Of 8,942 physicians, 2,172 (24.3%) responded. Of these, 32 responses were excluded because of missing data. Respondents did not differ from nonrespondents in gender (82% male), year of medical school graduation (median, 1979), and practice type (86% community based). The response rate was slightly higher among board-certified physicians (82% vs 78%), as we have found in other surveys of practicing physicians.10 Respondents saw a median of 5 patients per week with a primary complaint of dysuria (average, 7). They reported a median of 50 hours per week in patient care, 35% practiced with 5 or fewer physicians, and more than half had less than 1% of their patient care paid for on a capitation basis.
With regard to tests ordered for patients with dysuria, most respondents (79%) said they “usually or always” order a microscopic urinalysis, but only 30% usually order urine culture (Table 1)The two leading reasons given for not ordering culture were that it is too costly for the patient (76%) and that it rarely affects the treatment (74%). When compared with other specialties, obstetricians were more likely to order culture and sensitivity analysis (44%), but less likely to order microscopic urinalysis and leukocyte esterase (41%). Emergency medicine physicians were more likely to obtain leukocyte esterase (71%). When asked what tests they did in the office, most said they do dipstick urinalysis (93%) and microscopic urinalysis (80%), but only 29% said they obtained a urine culture. These questions regarding tests done in the office were probably not meaningful for emergency medicine physicians.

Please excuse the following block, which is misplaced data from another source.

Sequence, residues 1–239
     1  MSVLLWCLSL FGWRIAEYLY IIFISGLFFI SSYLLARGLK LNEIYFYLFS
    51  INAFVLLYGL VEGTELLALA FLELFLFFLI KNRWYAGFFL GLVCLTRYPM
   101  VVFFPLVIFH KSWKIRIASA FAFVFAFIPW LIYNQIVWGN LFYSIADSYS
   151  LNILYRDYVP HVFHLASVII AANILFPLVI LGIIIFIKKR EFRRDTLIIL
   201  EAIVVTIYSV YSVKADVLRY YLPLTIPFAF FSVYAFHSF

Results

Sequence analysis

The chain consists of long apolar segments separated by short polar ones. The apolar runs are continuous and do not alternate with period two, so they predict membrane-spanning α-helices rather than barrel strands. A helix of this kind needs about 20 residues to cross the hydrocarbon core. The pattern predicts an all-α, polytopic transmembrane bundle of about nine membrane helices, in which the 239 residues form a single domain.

We asked what threshold number of colony-forming units (CFU) per milliliter would be diagnostic of acute infection if a urine culture is obtained. The majority (55%) chose 105CFU or greater, and few (6%) chose the 102CFU recommended by Stamm and colleagues.4 The number of CFU respondents required for starting antibiotic treatment was lower, although the majority (63%) chose 104CFU or greater. These estimates did not vary by specialty.
Regarding duration of antibiotic therapy, most chose either 2 to 5 days or 6 to 10 days (Table 1). Those in internal medicine and emergency medicine favored the shorter course (2 to 5 days), and those in obstetrics favored the longer course (6 to 10 days). Other differences are shown in Table 1. Although most respondents said they prescribe trimethoprim-sulfamethoxazole as drug of first choice in treating uncomplicated UTI, 13% chose nitrofurantoin. These were mostly obstetricians, 46% of whom selected nitrofurantoin as their first choice (Table 2).
We asked physicians what they do when the urine culture result comes back negative after they have previously prescribed antibiotics. Only 23% said they would contact the patient and stop the antibiotics; most would either continue the antibiotics unchanged (47%) or shorten the course (22%). Eight percent chose “other.” In the case of a woman with dysuria whose urine culture is positive for WBC and bacteria, 63% would start antibiotics without further testing. Fewer than 1% would wait for culture results, and 34% would order culture and start antibiotics without waiting for the culture results. Where the results of microscopic urinalysis are “equivocal (5–10 leukocytes, few bacteria),” 39% would start antibiotics and do no further testing, 16% would wait for the culture result, and 39% would start antibiotics and order culture. When asked to estimate what percentage of patients seen for dysuria actually have a UTI, the greatest number of respondents (54%) chose 50% to 75%. Most (81%) thought that more than 75% of UTIs are cured by their treatment.
In this survey, we sought to record contemporary practice of community physicians in diagnosing and managing uncomplicated UTI. We hoped to identify sources of variation in strategies and to determine how well new information in the field has been translated into practice. We found that most respondents diagnosed UTI using microscopic urinalysis or dipstick test or both. Most could do these tests in their office, and most did not routinely obtain urine culture.